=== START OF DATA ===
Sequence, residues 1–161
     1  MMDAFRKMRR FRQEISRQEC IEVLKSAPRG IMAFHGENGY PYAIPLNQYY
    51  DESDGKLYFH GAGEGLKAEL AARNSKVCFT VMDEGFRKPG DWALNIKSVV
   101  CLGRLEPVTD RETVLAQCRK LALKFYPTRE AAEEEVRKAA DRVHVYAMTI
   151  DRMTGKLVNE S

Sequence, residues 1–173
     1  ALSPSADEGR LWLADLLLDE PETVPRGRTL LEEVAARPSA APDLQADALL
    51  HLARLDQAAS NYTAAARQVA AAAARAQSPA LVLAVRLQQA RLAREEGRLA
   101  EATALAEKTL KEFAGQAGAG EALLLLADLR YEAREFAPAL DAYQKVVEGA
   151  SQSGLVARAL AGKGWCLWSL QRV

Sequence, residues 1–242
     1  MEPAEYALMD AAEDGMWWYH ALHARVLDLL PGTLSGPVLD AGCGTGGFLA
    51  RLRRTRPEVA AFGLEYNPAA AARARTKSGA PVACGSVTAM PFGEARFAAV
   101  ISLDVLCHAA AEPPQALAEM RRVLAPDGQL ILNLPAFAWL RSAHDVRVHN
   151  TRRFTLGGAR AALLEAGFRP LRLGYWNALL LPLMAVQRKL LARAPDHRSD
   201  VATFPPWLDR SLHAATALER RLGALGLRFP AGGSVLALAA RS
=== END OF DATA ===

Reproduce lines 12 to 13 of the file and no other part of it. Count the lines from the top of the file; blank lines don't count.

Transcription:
     1  MEPAEYALMD AAEDGMWWYH ALHARVLDLL PGTLSGPVLD AGCGTGGFLA
    51  RLRRTRPEVA AFGLEYNPAA AARARTKSGA PVACGSVTAM PFGEARFAAV